Opposition political parties, led by the Congress, have been fiercely critical of the Indian government’s Central Vista project which includes construction of a new Parliament building. The estimated cost of the project is Rs 13,450 crore.
Congress leader Rahul Gandhi, one of the most vocal opponents of the project, has even gone to the extent of terming it a ‘criminal wastage’ and asked the Modi dispensation to use the project money on improving medical infrastructure during the COVID-19 pandemic.
“Countless dead bodies flowing in rivers; lines in hospitals up to miles; the right to life security is taken away! PM, take off those pink goggles that let you see nothing except for Central Vista, ”Rahul tweeted in Hindi.
CPI (M) general secretary Sitaram Yechury tweeted: “This is grotesque. No money for Oxygen and Vaccines as our brothers and sisters die waiting for a hospital bed to be cremated in parking lots but Modi will squander public money to feed his megalomaniac vanity, Stop this crime.”
The project includes construction of a common central secretariat, revamping of the 3-km Rajpath from Rashtrapati Bhavan to India Gate, a new Prime Minister’s residence and office, and a new Vice President Enclave.
Reacting to a PIL seeking a stay on the construction of Central Vista amid the raging COVID-19 pandemic, the center has told the Delhi High Court that the PIL was just another attempt to stall the project that has been facing such attempts from the beginning on one pretext or another.
Opposition says project is useless
The Parliament houses members of all parties, so this project will benefit not only leaders of the Bharatiya Janata Party, but leaders across the political spectrum.
Stalling the project at this stage will lead to a further increase in costs and burden on the taxpayers.
The project is providing gainful employment to 1,000 workers (500 x 2 shifts) amidst the economic crisis precipitated by the pandemic.
Rahul is exhorting the prime minister to “put people’s lives at the center – not your blind arrogance to get a new house!” India is not a kingdom. The prime minister is indirectly elected by the elected representatives.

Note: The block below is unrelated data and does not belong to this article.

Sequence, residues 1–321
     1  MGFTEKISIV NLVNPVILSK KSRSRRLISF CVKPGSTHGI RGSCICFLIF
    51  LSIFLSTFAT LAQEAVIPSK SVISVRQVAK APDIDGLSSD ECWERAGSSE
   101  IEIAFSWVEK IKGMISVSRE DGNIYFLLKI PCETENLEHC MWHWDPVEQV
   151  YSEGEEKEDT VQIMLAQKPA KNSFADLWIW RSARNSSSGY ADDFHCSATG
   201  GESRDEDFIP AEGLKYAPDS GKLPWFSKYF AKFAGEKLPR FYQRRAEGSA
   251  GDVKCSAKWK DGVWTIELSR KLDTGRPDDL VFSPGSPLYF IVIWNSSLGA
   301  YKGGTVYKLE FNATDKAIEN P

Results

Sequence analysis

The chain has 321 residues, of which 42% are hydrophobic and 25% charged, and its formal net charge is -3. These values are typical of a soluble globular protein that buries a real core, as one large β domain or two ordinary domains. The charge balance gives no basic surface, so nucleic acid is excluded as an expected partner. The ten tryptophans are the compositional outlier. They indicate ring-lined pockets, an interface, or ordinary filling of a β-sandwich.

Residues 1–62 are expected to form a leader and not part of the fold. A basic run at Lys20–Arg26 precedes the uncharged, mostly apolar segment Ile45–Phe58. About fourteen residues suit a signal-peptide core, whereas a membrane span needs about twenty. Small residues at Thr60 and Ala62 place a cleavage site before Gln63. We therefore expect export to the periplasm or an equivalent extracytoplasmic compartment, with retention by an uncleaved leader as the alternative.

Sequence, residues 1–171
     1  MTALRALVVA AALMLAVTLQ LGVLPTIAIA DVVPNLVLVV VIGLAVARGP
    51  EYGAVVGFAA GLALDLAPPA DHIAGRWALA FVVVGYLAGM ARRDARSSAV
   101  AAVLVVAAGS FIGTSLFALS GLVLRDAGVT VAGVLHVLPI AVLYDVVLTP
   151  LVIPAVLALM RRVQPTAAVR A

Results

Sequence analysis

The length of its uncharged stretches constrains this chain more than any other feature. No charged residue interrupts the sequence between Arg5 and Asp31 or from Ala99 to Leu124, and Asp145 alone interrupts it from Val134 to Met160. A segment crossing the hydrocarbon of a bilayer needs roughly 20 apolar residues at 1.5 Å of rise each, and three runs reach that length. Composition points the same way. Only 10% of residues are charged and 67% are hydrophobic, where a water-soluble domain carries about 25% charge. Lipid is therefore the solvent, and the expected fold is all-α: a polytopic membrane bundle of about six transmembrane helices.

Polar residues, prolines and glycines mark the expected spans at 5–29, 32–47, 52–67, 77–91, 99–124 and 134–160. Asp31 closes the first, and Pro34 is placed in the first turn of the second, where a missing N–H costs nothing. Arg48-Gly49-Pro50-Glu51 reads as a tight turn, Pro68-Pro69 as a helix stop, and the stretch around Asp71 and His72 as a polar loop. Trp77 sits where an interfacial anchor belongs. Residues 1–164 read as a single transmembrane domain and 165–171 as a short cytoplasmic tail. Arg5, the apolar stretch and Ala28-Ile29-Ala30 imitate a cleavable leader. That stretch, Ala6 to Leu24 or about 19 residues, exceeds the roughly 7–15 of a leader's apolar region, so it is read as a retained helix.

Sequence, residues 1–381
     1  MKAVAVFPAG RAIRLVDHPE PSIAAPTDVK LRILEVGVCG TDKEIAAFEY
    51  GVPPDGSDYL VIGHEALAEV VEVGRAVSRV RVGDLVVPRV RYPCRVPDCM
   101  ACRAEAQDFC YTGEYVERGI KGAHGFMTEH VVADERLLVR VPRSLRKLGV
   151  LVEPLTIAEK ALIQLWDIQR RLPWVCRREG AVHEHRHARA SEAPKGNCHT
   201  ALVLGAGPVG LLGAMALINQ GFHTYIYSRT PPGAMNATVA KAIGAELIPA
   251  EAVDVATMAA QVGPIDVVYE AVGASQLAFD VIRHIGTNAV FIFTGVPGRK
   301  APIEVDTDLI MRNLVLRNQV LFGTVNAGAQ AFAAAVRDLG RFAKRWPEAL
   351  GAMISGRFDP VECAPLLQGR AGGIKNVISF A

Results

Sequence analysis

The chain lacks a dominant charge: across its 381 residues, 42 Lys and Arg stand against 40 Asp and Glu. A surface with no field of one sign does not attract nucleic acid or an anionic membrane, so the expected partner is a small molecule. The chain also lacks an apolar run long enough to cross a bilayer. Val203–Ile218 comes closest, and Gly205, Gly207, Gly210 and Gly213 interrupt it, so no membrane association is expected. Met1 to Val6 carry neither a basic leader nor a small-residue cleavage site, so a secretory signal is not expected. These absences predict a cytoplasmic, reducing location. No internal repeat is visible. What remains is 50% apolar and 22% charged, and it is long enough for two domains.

Today we have a prime minister from the BJP, tomorrow it could be from the Congress or any other party. It is not Modi’s personal property as is being alleged.
The current Parliament building is almost 100 years old and lacks the capacity to accommodate the increase in number of MPs to be based on future census.
Considering more to it than meets the eye
The new complex will have 888 seats in the Lok Sabha chamber and 384 seats in the Rajya Sabha chamber. The increase in seating capacity in Parliament has created a buzz around the ‘delimitation exercise’ due in 2026.
Delimitation is the act of redrawing boundaries of the Lok Sabha and Assembly segments to represent changes in population. The number of seats has remained more or less the same since the last exercise carried out in 1976 on the basis of the 1971 Census.
To ensure that the southern states – which promoted family planning – do not end up with a reduction in seats, the delimitation exercise was frozen till 2001 on grounds that a uniform population growth rate would be achieved throughout the country by then.
In 2001, this was further extended till 2026. The base year for delimitation exercise will be 2021 population.
The latest Census has been postponed due to the pandemic. Hence, I have taken the 2019 state-wise voting population as the base.
The new capacity of 888 Lok Sabha members means that in absolute terms Uttar Pradesh is likely to witness the highest increase of 63 seats. In relative terms, it is likely to be Rajasthan, almost doubling to 48.
The Southern Region is likely to witness a decline of 2% in overall proportion of seats. This is likely to be gained by the Northern Region. And this is the root cause of the opposition.